- Celsians have issued an ultimatum to Celsius to publish a reorganization plan.
- Celsius’ new CEO has filed a declaration under oath over restructuring activities.
- Customers lose trust in Celsius, doubt plans to restructure.
Stakeholders are raising more questions over the future of the bankrupt crypto lending platform, Celsius. In a tweet, Celsians, a group unaffiliated with the defunct crypto lender, issued an ultimatum to Celsius to publish a reorganization plan.
Celsians’ ultimatum comes 24 hours after the current Celsius CEO, Chris Ferraro, filed a declaration under oath of his activities toward restructuring the platform. Ferraro became the CEO of Celsius in September 2022, following the resignation of the former CEO, Alex Mashinsky.
In the filing, Ferraro declared he was familiar with the processes taken and the current state of Celsius. He also claimed familiarity with the company’s restructuring efforts, how it runs on a day-to-day basis, and its financial affairs. Ferraro also expressed his willingness to testify on matters concerning the activities of Celsius if called upon to do so.
Ferraro’s filing contained the details of his qualifications that span approximately two decades. He included his educational qualifications and past work experiences, including his time at Cerberus Operations & Advisory Company as Senior Managing Director.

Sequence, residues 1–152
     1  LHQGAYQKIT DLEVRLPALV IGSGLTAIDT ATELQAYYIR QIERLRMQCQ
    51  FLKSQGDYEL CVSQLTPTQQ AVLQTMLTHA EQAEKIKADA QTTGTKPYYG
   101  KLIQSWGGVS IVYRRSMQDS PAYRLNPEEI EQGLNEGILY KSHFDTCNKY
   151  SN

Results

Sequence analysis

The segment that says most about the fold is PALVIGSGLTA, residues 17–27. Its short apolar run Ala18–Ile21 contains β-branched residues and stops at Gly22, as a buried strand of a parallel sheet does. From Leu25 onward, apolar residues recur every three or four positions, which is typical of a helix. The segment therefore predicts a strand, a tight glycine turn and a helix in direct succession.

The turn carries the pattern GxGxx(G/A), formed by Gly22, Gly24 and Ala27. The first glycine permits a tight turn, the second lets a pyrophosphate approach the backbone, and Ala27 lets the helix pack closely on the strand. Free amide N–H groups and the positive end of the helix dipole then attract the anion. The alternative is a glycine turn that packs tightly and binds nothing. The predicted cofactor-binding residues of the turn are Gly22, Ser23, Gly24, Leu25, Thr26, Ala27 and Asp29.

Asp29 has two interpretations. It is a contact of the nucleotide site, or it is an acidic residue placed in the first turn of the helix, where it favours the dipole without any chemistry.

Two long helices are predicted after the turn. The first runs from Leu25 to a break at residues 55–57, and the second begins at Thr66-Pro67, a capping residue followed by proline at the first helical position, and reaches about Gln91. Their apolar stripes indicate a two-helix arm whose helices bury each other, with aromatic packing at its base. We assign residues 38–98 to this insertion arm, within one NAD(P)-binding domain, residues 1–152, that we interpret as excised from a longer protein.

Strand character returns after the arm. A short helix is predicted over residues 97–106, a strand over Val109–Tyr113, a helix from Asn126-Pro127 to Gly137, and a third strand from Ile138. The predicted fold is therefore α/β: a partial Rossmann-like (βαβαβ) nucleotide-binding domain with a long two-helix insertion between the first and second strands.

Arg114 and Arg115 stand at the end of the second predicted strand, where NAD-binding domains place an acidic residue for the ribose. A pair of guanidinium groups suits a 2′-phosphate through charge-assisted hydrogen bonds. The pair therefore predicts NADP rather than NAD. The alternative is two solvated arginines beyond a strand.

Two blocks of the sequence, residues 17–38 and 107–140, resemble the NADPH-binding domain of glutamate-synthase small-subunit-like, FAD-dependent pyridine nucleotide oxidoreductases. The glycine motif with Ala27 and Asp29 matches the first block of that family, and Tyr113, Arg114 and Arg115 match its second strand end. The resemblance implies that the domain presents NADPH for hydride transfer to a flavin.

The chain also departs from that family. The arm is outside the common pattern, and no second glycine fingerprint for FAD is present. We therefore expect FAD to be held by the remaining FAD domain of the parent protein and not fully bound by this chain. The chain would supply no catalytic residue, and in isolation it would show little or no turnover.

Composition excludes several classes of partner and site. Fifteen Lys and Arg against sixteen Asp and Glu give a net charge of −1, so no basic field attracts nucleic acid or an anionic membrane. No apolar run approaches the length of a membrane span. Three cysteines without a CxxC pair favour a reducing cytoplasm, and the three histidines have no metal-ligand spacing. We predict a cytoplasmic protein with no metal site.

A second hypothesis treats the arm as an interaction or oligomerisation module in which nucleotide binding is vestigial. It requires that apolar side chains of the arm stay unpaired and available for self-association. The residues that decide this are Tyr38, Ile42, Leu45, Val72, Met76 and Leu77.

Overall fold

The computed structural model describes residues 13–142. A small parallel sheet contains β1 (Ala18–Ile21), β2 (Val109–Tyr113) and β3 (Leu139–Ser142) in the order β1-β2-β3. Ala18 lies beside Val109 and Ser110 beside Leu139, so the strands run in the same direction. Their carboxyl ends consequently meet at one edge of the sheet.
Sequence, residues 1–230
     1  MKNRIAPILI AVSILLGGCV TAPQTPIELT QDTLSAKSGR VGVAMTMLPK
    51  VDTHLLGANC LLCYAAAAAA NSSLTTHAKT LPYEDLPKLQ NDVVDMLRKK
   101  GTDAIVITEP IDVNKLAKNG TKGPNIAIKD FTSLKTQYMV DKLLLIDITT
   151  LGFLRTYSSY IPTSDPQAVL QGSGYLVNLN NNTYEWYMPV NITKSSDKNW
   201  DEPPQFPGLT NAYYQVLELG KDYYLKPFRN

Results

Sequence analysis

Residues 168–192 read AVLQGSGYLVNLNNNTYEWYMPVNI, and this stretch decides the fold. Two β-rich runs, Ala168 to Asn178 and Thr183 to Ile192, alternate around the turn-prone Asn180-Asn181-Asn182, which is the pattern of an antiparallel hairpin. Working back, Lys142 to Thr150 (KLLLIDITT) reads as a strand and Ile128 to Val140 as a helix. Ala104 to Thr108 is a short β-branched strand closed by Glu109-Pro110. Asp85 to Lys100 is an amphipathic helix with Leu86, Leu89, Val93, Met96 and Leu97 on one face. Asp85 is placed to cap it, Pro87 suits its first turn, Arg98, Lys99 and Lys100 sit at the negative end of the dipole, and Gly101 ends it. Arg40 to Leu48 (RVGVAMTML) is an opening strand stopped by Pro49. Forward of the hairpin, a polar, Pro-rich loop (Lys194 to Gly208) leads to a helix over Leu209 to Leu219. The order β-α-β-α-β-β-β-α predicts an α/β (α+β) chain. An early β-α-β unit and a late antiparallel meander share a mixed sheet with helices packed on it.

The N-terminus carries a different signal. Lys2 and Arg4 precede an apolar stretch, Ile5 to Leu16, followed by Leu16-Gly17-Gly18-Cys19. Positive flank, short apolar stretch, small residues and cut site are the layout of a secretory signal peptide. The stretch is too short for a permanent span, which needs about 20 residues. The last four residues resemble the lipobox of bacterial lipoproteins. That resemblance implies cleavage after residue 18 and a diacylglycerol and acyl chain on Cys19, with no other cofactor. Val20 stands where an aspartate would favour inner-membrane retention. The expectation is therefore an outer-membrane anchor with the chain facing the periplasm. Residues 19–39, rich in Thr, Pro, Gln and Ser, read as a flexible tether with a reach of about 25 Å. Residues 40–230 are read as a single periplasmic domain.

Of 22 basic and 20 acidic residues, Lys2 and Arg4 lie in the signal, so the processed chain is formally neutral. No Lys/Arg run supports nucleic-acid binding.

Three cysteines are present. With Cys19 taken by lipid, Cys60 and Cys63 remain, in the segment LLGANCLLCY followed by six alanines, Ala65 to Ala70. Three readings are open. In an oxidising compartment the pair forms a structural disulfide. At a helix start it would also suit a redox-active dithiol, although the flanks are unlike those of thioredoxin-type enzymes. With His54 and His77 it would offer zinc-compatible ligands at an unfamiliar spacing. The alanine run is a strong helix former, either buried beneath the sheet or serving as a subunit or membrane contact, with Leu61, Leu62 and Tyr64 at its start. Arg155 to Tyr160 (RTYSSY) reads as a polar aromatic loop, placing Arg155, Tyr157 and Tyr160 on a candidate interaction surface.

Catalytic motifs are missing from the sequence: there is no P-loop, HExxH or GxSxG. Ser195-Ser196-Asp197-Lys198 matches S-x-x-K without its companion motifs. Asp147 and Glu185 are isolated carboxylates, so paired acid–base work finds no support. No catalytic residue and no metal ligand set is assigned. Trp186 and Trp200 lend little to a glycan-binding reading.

According to Ferraro, he undertakes several responsibilities at Celsius, including interfacing with advisors and a special committee to discuss the company’s restructuring efforts. He claimed to have worked closely with both groups to pursue value-maximizing transactions that will bring a swift end to the bankruptcy challenges of Celsius.
Ferraro’s filing under oath has not raised the enthusiasm of Celsius’ customers, the majority of whom are only interested in getting back their money. Most of the respondents to the community’s tweet showed a lack of trust in the processes embarked on by the platform. One responder predicted Celsius would not release any reorganization plan, as demanded by the group. The responder accused Celsius of burying the exclusivity extension motion, predicting more conflict for the organization.
Other respondents expressed their frustration, claiming that nine months after the platform’s collapse was more than enough time to produce a plan.